Gap tightens between Labour and Conservatives, suggests new poll

Ed Miliband

A new poll by Opinium suggests that Labour could be losing their lead as the four month mark before the election nears.

The poll, for the Observer, puts Labour on 33%, marginally ahead of the Conservatives on 32%. UKIP are placed on 17%, whilst the Lib Dems are fourth on 8%. The poll also puts the Green party on 4%, as well as the SNP.

Fieldwork for the poll was conducted between the 30th and 2nd of January.

The poll suggests that the gap is narrowing, with Labour falling three points from the last Opinium poll, and the Conservatives rising three. That means that the previous poll gave Labour a seven point lead and was released in a week when Labour did well in other polls.

Speaking of the new poll by Opinium, Labour List said:

“That’s quite a sharp fall for Labour from a lead of 7 points two weeks ago to a one point lead, but the seven point lead before Christmas did look like a bit of an outlier.”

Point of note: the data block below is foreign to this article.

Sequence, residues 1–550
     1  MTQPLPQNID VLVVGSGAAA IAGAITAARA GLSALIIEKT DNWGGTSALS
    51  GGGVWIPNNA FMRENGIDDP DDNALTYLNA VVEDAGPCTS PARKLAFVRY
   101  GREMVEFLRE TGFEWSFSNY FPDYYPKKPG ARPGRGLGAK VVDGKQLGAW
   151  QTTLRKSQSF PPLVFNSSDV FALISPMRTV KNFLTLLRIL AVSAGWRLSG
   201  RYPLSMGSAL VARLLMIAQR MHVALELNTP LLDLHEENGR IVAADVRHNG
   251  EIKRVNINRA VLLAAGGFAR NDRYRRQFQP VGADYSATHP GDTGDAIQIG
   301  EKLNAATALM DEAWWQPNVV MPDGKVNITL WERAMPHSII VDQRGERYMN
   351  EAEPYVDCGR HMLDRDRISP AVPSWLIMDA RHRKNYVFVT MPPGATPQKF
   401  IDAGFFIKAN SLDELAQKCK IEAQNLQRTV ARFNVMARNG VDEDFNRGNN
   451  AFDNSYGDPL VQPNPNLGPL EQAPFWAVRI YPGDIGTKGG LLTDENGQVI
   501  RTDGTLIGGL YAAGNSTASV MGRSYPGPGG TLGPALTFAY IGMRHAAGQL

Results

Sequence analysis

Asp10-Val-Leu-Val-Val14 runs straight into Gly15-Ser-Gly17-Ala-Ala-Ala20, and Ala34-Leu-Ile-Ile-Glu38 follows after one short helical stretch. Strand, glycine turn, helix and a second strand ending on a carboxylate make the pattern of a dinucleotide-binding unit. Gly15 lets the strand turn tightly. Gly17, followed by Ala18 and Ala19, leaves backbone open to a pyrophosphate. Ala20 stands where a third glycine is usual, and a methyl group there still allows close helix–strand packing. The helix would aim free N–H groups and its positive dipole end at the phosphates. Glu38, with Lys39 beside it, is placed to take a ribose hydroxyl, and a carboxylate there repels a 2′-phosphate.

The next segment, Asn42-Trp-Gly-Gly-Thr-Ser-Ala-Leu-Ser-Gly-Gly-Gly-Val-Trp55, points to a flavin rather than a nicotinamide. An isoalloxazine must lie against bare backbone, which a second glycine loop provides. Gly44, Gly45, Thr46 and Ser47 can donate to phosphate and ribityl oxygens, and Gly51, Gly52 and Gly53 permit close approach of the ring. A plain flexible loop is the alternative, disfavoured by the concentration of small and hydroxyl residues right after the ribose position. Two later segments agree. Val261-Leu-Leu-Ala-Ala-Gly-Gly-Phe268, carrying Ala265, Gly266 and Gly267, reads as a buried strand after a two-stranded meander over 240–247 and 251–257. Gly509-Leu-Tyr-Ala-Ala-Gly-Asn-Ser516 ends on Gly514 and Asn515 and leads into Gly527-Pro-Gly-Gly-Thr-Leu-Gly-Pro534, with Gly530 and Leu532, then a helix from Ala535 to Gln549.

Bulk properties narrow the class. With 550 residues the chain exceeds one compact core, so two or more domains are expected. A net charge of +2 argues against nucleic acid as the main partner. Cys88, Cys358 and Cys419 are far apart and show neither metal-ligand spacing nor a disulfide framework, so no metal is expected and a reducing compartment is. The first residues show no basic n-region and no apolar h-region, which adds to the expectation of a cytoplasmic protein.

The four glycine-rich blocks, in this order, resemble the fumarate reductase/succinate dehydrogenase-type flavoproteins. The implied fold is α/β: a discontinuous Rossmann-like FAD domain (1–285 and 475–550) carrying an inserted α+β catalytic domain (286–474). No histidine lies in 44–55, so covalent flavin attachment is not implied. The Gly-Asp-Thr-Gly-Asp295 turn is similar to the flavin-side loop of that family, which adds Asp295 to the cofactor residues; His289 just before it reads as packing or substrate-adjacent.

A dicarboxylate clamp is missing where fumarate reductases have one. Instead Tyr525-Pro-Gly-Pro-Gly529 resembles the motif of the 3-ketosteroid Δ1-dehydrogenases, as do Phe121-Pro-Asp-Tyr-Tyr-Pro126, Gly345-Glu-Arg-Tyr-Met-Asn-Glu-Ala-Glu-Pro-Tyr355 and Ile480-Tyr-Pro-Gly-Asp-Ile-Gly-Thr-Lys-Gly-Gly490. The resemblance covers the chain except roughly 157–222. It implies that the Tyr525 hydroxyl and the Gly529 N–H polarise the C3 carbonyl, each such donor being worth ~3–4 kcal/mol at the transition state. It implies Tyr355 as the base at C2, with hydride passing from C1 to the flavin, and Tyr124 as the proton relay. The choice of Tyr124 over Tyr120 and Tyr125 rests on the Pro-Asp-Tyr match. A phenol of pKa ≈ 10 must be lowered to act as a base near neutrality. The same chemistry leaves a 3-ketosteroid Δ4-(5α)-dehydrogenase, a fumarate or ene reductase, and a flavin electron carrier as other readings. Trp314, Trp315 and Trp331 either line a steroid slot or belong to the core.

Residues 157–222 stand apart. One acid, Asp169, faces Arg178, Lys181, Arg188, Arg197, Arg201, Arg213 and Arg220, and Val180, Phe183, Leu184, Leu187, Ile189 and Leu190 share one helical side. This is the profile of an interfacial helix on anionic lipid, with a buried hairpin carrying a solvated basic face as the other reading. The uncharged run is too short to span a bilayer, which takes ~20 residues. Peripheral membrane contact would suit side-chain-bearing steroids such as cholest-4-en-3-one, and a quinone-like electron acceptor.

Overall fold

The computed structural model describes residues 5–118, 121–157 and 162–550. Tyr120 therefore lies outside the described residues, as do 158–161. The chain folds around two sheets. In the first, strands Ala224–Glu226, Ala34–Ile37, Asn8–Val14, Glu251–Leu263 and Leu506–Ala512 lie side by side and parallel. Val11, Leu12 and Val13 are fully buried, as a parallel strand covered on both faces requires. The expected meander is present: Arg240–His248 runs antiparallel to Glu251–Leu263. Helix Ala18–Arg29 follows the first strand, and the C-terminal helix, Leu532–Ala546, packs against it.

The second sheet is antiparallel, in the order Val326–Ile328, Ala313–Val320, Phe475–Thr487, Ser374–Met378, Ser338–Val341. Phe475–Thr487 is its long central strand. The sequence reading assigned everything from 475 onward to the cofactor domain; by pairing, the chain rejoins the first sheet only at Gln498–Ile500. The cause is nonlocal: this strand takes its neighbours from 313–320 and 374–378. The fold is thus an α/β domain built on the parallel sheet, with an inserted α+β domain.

The poll is one of the first of 2015 and will still be taken as good news by the Labour party - but only to an extent due to the tightening of the gap. The poll offers a snapshot of the political mood in the country at the moment, and not a prediction, but once again suggests that 2015 is going to be a tight race.

Opinium’s poll once again suggests that UKIP are well ahead of the Liberal Democrats, which will be good for Nigel Farage’s party. 2015 for UKIP could be a pivotal year for the party as they could gain a handful of MPs.

Speaking to the Independent, YouGov pollster, Joe Twyman, suggested that UKIP could get “half a dozen” seats.

Rick Nye of Populous made an interesting suggestion, saying:

“I can see a hung parliament, where Labour is the largest party in terms of seats – though not necessarily in terms of votes”.

If the general election has a close Labour - Conservative result then such an outcome could be possible.

The poll will be the first of many in 2015, a year which could have a massive impact in the future of British politics.

SEE ALSO: Labour on course for victory, in recent poll

Labour's 2015: new year, new government ?